All Articles Tagged "Vogue"
“There’s People With Way More Talent Than I When It Comes To Singing”: Rihanna On Her Talent, Influence
In the March issue of Vogue, which will be Rihanna’s third cover for the American version of the magazine since her first in 2011, writer Plum Sykes chats with the mega-star about fashion, her talent, and why she flocks to Instagram so much. The interview is a very colorful one, as Skyes meets up with the singer to be styled by her at the Alexander Wang boutique in NYC. In between trying on capes and men’s leather bombers, we get to read Rihanna being herself–honest and silly (in a good way):
On Her 11 Million Instagram Followers:
“Instagram is my way of communicating to the world,” she says. “When I’m on tour, I keep fans in the loop. I don’t really think about it too much. Literally, I can be sitting in a car and be bored, so I do a selfie just because I’m bored. Or if my dog is running around in circles and I think that’s funny, I put it on Instagram.” As for who Rihanna follows on Instagram? “I follow girls from the Middle East. It gives you ideas.”
Why She Thinks Fashion Sense Is A Big Part Of Her Success–Not Really Her Voice:
“It’s not all down to my voice. There’s people with way more talent than I when it comes to singing. Bigger voices. But people want to know who you are. Fashion is a clear indication, a way to express your attitude, your mood.”
Ri Ri On Her Ever-Changing Hair And Her Love Of Weaves:
“It’s not my hair, but the girl who donated it, she’s the bomb,” says Rihanna. “Black girls never let anyone see this,” she adds, pulling apart the locks at the back of her head to show me the intricate workings of the false hair, which is woven into a net attached to her own. “I have two main hair people I work with. They’re always with me. I’m like, ‘I’m bored! I wanna change my hair!’ That’s the good thing about a weave. You can do whatever with it.”
Going Against What Folks Consider “Normal”:
“I don’t go out of my way to be a rebel or to have that perception, but a lot of the decisions I make, a lot of the direction I want to move, is against the grain, or against society’s tight lane, and I’m aware of that sometimes. It might not be fitting with the norm, but that’s OK for me.”
As I said before, I really dig her honesty in this interview. It’s pretty refreshing, right? Check out the full interview with Sykes at Vogue.com, see the images from her gorgeous Vogue spread on the next two pages and let us know what you think!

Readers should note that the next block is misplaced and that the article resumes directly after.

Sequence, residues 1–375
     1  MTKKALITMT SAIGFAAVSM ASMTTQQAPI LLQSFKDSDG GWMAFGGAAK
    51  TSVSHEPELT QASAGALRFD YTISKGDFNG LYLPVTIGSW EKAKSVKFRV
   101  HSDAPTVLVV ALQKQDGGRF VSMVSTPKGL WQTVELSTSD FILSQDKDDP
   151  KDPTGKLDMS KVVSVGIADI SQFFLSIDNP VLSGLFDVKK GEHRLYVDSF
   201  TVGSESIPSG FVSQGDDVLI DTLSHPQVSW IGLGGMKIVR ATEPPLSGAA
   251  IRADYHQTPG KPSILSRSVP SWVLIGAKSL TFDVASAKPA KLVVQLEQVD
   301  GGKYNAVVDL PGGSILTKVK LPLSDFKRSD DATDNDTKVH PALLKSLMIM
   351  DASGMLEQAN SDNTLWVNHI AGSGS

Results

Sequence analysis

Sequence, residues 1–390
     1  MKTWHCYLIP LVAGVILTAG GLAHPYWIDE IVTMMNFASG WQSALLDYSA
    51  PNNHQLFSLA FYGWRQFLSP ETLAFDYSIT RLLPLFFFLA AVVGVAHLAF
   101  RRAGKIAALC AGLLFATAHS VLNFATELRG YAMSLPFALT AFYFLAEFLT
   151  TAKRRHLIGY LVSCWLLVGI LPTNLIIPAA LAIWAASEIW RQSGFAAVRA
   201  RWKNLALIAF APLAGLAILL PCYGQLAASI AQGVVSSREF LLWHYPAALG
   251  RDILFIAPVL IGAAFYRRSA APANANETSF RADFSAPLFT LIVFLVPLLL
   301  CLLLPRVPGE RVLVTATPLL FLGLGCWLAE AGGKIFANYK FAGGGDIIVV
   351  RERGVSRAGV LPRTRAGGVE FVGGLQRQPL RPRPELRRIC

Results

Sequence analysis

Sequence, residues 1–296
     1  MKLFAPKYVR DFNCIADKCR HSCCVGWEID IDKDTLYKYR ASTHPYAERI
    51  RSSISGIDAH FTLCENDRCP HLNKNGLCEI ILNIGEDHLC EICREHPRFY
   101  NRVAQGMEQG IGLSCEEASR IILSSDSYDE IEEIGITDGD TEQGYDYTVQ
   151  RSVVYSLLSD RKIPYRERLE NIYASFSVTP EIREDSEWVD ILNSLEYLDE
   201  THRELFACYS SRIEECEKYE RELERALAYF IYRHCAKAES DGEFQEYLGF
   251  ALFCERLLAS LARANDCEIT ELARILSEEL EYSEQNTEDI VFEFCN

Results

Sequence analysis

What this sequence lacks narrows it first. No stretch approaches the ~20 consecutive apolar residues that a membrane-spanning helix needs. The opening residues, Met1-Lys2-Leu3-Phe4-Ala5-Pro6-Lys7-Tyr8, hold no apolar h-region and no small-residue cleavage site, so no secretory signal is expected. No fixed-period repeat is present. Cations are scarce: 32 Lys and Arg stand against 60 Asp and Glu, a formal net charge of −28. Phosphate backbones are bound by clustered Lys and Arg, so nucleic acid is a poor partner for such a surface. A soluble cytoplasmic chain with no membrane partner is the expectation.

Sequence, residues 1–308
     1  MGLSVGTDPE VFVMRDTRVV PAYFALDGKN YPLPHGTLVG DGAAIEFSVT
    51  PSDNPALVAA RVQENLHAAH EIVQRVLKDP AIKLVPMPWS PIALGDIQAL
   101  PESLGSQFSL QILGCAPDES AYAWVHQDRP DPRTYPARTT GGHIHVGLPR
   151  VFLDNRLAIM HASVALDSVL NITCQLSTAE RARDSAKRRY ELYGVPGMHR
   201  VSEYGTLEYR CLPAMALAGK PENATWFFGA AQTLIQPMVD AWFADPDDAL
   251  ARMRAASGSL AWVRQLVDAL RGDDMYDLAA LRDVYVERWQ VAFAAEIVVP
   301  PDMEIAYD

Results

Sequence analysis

Miley Cyrus channels Madonna on the latest cover of Vogue Germany. The singer lets her body “go with the flow” again rocking lingerie, leather, fishnet stockings and a bold red lip matching an even bolder display of her body parts. Photographer Mario Testino is behind the provocative images that display a topless Cyrus.
Ever since she twerked across the MTV Video Music Awards stage last year Miley has gotten mighty comfortable with nudity. The 21-year old recently posed completely naked for an issue of W magazine and swung across the screen in the buff in her video for “Wrecking Ball”. And while the pictures are tastefully sexy, we have to wonder if Miley is bringing much else to the table but being barely dressed. The pop star straddles between famous images of Madonna and other iconic blonde bombshell, Marilyn Monroe. Satirical newspaper, The Onion called the images, “powerfully original”. It’s a concept that’s been there, done that and come back with the troubled teen stars to prove it. Lindsay Lohan did a similar tribute to Marilyn Monroe in 2008 for New York Magazine.
The overkill of Miley Cyrus’s mission to bring sexy back is little a disappointing, since it’s such a distraction from the fact that she’s actually talented. Cyrus’s voice is pretty impressive when she’s actually focusing on singing and not being naked. If she keeps up this behavior we don’t know what we’ll be sick of seeing first: her twerking or her tongue.
Just days after Vogue celebrated 121 years of existence, they debut their January 2014 issue with Cate Blanchett as the cover girl. The “fashion bible” came from humble beginnings as a weekly publication founded by Arthur Turnure to an internationally recognized publication in a dozen editions.
Fast forward to today where, in addition to celebrating another year, the Conde Nast publication made their “Ten Rising Style Stars of 2014″ list– that has us talking in the office. Among the expected names of Gia Copolla, Kiernan Shipka and Pixie Geldof were three stars native to Styleblazer: Lupita Nyong’o, Ciara and Iggy Azalea.
Read for more details on Vogue’s rising stars at StyleBlazer.com
It seems like Kanye West is running a how-many-times-can-I-put-my-foot-in-my-mouth-in-one-week marathon. Just yesterday we told you that the “Gold Digger” singer admitted to waiting through several of Kim Kardashian’s relationships to marry her. Now, he’s insisting that his reality TV star boo is more fashionably influential than Michelle Obama. His rant began with voiced concerns about Kim having never appeared on the cover of Vogue Magazine.
“There’s no way Kim Kardashian shouldn’t be on the cover of Vogue. She’s like the most intriguing woman right now. She’s got Barbara Walters calling her like everyday,” Kanye said during an interview with Ryan Seacrest.
He went on to say that Kim is more influential in fashion than Mrs. Obama because Mrs. O could never tweet a bikini selfie like his girl, Kim.
“And collectively, we’re the most influential with clothing. No one is looking at what [Barack Obama] is wearing. Michelle Obama cannot Instagram a [bikini] pic like what my girl Instagrammed the other day,” he continued.